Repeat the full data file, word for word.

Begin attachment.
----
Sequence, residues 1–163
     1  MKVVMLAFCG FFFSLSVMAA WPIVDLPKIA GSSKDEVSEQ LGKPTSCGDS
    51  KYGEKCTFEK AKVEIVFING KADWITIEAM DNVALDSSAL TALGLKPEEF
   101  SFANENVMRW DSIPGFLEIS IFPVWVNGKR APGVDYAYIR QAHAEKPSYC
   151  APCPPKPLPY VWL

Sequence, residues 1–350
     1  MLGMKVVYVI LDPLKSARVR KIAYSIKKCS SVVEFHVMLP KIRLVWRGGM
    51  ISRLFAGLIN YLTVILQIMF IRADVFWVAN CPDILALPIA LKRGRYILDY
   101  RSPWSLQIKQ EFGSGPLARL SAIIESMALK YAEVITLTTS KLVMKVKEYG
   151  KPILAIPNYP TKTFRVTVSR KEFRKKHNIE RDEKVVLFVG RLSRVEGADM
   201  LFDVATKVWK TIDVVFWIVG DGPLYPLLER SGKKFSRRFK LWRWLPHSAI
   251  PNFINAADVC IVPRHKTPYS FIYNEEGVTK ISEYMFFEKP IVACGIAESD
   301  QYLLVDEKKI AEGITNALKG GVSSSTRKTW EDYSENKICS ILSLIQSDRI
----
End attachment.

Sequence, residues 1–163
     1  MKVVMLAFCG FFFSLSVMAA WPIVDLPKIA GSSKDEVSEQ LGKPTSCGDS
    51  KYGEKCTFEK AKVEIVFING KADWITIEAM DNVALDSSAL TALGLKPEEF
   101  SFANENVMRW DSIPGFLEIS IFPVWVNGKR APGVDYAYIR QAHAEKPSYC
   151  APCPPKPLPY VWL

Sequence, residues 1–350
     1  MLGMKVVYVI LDPLKSARVR KIAYSIKKCS SVVEFHVMLP KIRLVWRGGM
    51  ISRLFAGLIN YLTVILQIMF IRADVFWVAN CPDILALPIA LKRGRYILDY
   101  RSPWSLQIKQ EFGSGPLARL SAIIESMALK YAEVITLTTS KLVMKVKEYG
   151  KPILAIPNYP TKTFRVTVSR KEFRKKHNIE RDEKVVLFVG RLSRVEGADM
   201  LFDVATKVWK TIDVVFWIVG DGPLYPLLER SGKKFSRRFK LWRWLPHSAI
   251  PNFINAADVC IVPRHKTPYS FIYNEEGVTK ISEYMFFEKP IVACGIAESD
   301  QYLLVDEKKI AEGITNALKG GVSSSTRKTW EDYSENKICS ILSLIQSDRI